- Meghan Markle is undermining the voice of feminism, two researchers from British universities have said.
- In a paper published in the journal Celebrity Studies, authors Laura Clancy and Hannah Yelin argue that the actress’ feminist voice has lulled since marrying Prince Harry in May.
- They add that she has become a tool for the monarchy as her fame is being used to “re-legitimise” the royal family’s male monarchical power.
- Markle has not been entirely silent on the issue of feminism since her induction into the royal fold.
- During her and Harry’s royal tour of the British Commonwealth in October, the duchess gave a speech about women’s suffrage and gender equality in New Zealand.
Meghan Markle: A feminist hero?
Not quite, according to two university researchers who have studied Markle since her marriage to Prince Harry in May.
In a paper entitled “Meghan’s Manifesto: Meghan Markle and the Co-option of Feminism,” published in the journal Celebrity Studies, authors Laura Clancy and Hannah Yelin argue that the actress’ feminist voice has lulled since her induction to the royal fold.
According to The Times, Clancy and Yelin say in the paper that Markle is being subjected to a “conservative, upper-class makeover” and that her fame is being used to “re-legitimise” the royal family’s male monarchical power.
“Markle’s activist voice has been either silenced or appropriated by the monarchy,” the researchers write.
“Shas quit her acting career, closed down her popular blog and social media accounts for all her online activity to be ciphered through Kensington Palace.
“Meanwhile, Markle is said to be receiving ‘duchess lessons’ from the Queen’s advisers, to be brought up to speed with protocol and expectations of life with the monarchy.
“While the monarchy appears to be celebrating her diversity and modernising influence, then, this is only permitted within prescribed boundaries.”
Her page on www.royal.uk, the official website of the royal family, is almost entirely devoted to championing women.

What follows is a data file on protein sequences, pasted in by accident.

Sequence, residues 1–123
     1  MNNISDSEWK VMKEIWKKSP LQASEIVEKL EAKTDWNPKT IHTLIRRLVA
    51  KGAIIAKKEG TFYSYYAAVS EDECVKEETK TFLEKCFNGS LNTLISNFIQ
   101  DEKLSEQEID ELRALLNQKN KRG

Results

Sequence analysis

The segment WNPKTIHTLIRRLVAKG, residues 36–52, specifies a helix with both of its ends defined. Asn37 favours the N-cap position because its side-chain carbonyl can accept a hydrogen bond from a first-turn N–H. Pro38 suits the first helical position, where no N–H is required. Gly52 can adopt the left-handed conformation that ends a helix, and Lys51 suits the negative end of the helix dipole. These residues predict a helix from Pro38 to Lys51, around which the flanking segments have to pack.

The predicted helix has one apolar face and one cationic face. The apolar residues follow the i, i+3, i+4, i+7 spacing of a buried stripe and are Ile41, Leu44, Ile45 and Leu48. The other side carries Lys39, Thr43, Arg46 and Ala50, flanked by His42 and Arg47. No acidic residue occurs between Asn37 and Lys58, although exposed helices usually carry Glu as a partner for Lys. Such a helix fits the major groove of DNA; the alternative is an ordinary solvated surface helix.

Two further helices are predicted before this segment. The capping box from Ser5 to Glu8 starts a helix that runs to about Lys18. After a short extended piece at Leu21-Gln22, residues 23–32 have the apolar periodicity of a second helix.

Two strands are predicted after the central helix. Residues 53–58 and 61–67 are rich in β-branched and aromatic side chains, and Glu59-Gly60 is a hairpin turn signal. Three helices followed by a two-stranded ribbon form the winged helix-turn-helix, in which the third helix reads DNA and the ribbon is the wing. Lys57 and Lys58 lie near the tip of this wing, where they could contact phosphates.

Its central point, and the only direct quote from Meghan, is the line “I am proud to be a woman and a feminist.”
The entry also opens with an anecdote from 1993, when the 11-year-old Meghan called out the US consumer goods giant Procter & Gamble for using sexist language to market their dish soap.
It also highlights her pro-women work with the United Nations, which she supports as an “advocate for women’s political participation and leadership.”
During her recent royal tour of the British Commonwealth, Markle gave a speech about women’s suffrage and gender equality at Government House in Wellington, New Zealand.
“Because, yes, women’s suffrage is about feminism, but feminism is about fairness,” Markle said in the speech.
“In the words of your suffragette, Kate Sheppard: ‘All that separates, whether race, class, creed, or sex, is inhuman and must be overcome.'”
Markle’s feminist outcries are too few and far between, though, the researchers say, going further to assert that the Duchess’ role in the royal family actually undermines feminism as a whole.
“A celebrity (post) feminist such as Markle is of great value to a British monarchy keen to … mask, or at least deflect attention from, their own intensely problematic relationship with issues of race, gender, class and religion.
“What is at stake here is much more than the representations of one woman and the meanings contained therein; it is the meaning of feminism itself.”
Time will tell whether Markle’s feminist advocations are indeed being muffled by the palace, however, The Times understands that the duchess’ first royal patronages, to be announced next year, will champion causes relating to female empowerment.
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